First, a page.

“The oratorio is composed for the iconic Rosa Parks, a person of exceptional courage and wisdom, who made the right move of resistance at the right time,” says Smith. “Her action generated a movement worldwide for liberty and justice for human beings.”
“Rosa Parks: Pure Love employs the song form as composition to convey a philosophical and spiritual narrative about my vision of Rosa Parks,” he continues. “The oratorio is concerned with ideas and my meditation on the Civil Rights movement, and through lighting, photographs and video images, reconnecting history in the present.”
Embedded in the oratorio are brief excerpts from early recordings by Smith, Anthony Braxton, Leroy Jenkins and Steve McCall, the four musicians who made up the legendary ensemble known as the Creative Construction Company some fifty years ago. Braxton, Jenkins and McCall are among the dedicates of this recording. “Our shared journey as creative artists was beneficial to each of us, and had a powerful impact on our friendship and artistic thinking. That ensemble impacted the world with its profound musical application and artistic integrity,” says Smith.
The first performance of Rosa Parks: Pure Love (in an earlier version) took place at the New School in New York City as part of the Festival of New Trumpet Music in September 2016. The recorded version of over 70 minutes in duration received its premiere at the REDCAT Theater in Los Angeles during the Angel City Jazz Festival in October 2018.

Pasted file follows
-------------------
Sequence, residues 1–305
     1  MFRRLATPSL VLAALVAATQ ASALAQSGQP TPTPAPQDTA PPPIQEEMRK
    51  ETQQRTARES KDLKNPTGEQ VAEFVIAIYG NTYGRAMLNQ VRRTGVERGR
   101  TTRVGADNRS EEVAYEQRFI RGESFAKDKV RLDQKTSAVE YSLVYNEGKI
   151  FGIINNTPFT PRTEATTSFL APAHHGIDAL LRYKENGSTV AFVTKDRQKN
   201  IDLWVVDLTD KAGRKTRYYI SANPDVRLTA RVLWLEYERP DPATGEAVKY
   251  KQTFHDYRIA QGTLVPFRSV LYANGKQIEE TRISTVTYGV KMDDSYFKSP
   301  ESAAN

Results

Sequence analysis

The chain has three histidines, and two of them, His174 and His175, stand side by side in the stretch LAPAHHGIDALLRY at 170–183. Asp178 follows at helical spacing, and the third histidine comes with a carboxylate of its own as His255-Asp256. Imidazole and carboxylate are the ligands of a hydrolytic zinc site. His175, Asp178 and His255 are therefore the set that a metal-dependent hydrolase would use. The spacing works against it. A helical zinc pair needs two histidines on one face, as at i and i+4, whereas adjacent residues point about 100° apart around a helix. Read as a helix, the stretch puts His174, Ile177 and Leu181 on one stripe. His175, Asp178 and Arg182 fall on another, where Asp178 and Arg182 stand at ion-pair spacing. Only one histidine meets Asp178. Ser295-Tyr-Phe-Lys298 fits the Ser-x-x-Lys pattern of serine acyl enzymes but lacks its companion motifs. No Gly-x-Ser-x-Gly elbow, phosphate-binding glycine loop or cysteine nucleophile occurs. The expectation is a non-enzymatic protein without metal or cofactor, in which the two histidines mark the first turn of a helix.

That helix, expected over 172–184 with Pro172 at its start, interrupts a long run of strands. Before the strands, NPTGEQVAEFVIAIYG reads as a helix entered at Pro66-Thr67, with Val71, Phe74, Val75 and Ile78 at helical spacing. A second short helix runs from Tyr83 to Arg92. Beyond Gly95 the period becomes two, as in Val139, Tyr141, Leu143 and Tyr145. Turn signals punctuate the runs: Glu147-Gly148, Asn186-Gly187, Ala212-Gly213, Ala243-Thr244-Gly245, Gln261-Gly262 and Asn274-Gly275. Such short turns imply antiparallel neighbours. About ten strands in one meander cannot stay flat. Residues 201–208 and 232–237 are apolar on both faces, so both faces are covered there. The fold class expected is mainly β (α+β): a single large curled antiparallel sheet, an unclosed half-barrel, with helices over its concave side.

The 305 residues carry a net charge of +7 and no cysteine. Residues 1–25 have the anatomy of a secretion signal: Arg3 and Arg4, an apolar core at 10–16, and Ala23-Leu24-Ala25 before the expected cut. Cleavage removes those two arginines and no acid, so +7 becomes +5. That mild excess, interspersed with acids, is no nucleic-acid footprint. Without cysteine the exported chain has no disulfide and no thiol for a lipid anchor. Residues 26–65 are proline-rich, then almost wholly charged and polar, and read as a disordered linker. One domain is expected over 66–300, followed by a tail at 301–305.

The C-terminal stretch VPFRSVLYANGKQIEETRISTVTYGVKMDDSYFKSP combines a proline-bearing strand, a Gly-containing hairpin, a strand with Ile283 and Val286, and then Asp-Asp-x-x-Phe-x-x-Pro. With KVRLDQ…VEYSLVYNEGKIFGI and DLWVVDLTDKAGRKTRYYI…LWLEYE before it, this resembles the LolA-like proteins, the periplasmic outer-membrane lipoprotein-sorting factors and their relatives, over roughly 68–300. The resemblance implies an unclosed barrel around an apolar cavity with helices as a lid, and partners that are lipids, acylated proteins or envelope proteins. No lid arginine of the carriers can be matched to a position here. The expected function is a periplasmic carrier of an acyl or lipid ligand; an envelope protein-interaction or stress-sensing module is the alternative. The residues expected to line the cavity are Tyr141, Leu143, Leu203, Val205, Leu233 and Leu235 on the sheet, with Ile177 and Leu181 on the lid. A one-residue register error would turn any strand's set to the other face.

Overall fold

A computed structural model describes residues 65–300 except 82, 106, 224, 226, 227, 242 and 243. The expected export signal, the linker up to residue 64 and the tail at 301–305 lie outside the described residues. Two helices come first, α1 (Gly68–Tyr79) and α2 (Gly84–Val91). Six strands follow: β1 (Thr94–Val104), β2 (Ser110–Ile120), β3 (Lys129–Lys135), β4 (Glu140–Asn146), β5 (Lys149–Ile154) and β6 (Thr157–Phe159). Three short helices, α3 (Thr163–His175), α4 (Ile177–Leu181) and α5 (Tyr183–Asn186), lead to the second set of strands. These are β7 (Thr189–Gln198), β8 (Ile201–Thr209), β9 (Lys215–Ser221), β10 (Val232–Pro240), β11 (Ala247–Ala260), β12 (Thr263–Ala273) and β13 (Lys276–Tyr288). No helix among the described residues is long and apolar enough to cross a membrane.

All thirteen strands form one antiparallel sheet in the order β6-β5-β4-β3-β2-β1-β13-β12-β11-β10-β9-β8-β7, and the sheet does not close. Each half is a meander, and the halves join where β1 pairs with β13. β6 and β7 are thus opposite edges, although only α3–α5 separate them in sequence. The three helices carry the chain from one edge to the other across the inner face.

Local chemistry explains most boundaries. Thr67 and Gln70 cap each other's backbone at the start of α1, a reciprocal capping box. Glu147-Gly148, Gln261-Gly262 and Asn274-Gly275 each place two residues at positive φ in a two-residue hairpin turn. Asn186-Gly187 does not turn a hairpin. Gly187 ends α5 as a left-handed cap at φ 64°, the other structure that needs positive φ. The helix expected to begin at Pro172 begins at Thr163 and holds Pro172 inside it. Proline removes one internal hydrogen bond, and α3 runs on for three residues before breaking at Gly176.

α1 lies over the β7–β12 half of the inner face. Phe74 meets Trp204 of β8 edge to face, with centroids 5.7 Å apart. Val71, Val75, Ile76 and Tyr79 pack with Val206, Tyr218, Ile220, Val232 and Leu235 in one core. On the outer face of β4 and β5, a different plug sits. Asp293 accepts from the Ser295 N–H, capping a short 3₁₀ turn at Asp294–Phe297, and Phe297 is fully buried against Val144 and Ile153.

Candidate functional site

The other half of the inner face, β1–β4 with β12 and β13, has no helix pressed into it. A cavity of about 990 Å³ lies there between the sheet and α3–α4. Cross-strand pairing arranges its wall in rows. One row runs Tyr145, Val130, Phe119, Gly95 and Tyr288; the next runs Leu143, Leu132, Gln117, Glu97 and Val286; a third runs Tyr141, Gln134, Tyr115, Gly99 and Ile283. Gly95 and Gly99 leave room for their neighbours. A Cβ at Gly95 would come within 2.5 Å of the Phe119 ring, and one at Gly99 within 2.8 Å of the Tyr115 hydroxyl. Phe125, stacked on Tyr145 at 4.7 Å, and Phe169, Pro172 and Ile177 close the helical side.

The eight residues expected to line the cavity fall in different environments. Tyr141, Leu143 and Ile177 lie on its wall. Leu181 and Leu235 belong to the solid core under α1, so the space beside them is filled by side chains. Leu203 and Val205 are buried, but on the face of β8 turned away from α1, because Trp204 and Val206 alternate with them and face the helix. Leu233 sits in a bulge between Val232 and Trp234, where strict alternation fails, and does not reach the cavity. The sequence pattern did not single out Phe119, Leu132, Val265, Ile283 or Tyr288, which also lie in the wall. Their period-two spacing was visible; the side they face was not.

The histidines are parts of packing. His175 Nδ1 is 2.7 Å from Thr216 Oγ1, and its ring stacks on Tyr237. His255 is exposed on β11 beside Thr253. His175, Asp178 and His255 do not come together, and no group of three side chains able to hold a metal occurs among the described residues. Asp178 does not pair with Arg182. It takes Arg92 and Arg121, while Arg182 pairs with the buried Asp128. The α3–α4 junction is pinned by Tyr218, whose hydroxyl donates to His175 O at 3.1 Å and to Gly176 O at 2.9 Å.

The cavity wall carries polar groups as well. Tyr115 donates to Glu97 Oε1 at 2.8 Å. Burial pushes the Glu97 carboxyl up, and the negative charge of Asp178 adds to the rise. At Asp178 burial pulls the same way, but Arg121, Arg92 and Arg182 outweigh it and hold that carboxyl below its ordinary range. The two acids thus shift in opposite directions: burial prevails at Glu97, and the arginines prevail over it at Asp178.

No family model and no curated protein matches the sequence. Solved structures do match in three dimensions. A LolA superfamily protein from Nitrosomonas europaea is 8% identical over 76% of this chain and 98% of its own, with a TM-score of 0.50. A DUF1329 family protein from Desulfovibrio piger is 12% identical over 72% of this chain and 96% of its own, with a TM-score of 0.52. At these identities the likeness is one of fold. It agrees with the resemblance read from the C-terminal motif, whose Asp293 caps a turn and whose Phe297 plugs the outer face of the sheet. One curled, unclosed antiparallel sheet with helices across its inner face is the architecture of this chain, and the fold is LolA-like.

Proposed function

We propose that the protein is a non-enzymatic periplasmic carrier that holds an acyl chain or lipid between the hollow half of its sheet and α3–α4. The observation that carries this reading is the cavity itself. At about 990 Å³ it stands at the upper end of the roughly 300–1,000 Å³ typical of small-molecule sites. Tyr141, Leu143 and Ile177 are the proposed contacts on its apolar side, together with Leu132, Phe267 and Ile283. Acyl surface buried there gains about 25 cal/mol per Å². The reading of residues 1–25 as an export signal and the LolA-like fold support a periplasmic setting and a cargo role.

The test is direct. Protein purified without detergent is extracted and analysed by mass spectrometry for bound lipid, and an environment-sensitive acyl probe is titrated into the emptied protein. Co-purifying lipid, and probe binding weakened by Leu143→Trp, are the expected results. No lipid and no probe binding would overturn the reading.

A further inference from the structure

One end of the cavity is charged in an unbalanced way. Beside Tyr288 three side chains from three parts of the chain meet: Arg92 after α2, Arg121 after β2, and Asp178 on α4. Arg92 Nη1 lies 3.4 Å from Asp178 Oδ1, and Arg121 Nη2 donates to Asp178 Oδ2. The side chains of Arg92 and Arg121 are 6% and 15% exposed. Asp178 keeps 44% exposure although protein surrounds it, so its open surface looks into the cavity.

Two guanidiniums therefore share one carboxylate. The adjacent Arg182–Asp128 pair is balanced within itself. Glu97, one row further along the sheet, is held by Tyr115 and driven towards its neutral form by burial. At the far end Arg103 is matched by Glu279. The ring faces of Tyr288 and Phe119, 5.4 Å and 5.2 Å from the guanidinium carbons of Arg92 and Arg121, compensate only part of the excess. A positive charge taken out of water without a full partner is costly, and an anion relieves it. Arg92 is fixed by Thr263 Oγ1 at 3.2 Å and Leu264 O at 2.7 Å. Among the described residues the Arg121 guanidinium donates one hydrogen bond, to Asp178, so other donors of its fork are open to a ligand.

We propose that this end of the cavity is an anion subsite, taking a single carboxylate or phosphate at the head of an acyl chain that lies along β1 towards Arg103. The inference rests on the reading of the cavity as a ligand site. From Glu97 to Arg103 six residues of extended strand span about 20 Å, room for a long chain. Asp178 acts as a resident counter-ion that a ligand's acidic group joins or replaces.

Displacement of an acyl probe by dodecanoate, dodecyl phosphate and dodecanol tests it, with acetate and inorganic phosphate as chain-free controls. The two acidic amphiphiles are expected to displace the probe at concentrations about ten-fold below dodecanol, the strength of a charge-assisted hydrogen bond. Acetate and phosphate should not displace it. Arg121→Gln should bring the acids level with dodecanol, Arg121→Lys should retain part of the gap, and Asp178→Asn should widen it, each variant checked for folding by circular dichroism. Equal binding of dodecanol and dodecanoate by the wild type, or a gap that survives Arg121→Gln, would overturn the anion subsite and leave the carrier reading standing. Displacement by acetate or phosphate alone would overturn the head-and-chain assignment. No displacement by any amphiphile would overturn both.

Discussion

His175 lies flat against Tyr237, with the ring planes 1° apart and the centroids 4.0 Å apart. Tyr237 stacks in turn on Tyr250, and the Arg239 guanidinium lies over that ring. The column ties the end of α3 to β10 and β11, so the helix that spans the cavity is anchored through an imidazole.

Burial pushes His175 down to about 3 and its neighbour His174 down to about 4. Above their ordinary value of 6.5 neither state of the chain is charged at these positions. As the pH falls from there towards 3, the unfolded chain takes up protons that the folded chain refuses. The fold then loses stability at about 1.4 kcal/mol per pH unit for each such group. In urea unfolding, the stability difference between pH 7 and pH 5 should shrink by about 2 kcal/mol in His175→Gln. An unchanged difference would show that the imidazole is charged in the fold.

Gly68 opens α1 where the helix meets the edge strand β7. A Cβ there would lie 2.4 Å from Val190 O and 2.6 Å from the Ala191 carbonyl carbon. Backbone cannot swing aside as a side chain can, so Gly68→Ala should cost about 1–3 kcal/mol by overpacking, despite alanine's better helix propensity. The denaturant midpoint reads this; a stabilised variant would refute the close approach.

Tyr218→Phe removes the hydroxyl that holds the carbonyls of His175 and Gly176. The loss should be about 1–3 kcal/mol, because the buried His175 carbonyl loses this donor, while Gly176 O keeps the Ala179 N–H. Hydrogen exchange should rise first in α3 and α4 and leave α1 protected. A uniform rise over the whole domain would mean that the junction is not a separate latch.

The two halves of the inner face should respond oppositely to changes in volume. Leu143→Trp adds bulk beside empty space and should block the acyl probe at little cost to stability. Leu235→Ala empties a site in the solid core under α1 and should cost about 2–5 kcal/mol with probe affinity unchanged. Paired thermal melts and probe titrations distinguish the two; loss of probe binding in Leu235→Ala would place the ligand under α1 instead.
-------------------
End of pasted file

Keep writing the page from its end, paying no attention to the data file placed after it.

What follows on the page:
Wadada Leo Smith (b. 1941), who was part of the first generation of musicians to come out of Chicago’s Association for the Advancement of Creative Musicians (AACM), has established himself as one of the leading composers and performers of creative contemporary music. In the late 1960s in Chicago, Smith, saxophonist Anthony Braxton and violinist Leroy Jenkins formed a trio (Braxton, Jenkins, Smith) that was expanded into a quartet when Steve McCall later joined them in Paris. Since the early 1970s, Smith has mostly led his own groups, which currently include the Golden Quartet and Quintet, the Great Lakes Quartet, Mbira and Najwa, among others. In 2012, Smith released his most extensive recording to date, Ten Freedom Summers, a four-CD collection which was one of three finalists for Pulitzer Prize in Music in 2013. In 2013, he released Occupy The World (TUM CD 037-2), a two-CD recording of six extended compositions performed by Smith with TUMO, a 22-member improvising orchestra. The Great Lakes Suites (TUM CD 041-2, a double-CD with Henry Threadgill, John Lindberg and Jack DeJohnette) was broadly hailed as one of the top albums of the year in 2014. In 2017, Smith received awards for Jazz Artist of the Year, Jazz Album of the Year (for America’s National Parks) and Trumpeter of the Year in DownBeat’s 65thAnnual Critics Poll and was named Musician of the Year by the Jazz Journalists Association. Most recently, Smith has release a solo trumpet recording dedicated to Thelonious Monk (Solo: Reflections and Meditations on Monk, TUM CD 053) and a recording by a group that includes four electric guitarists, electric bass, drums and percussion (Najwa, TUM CD 049).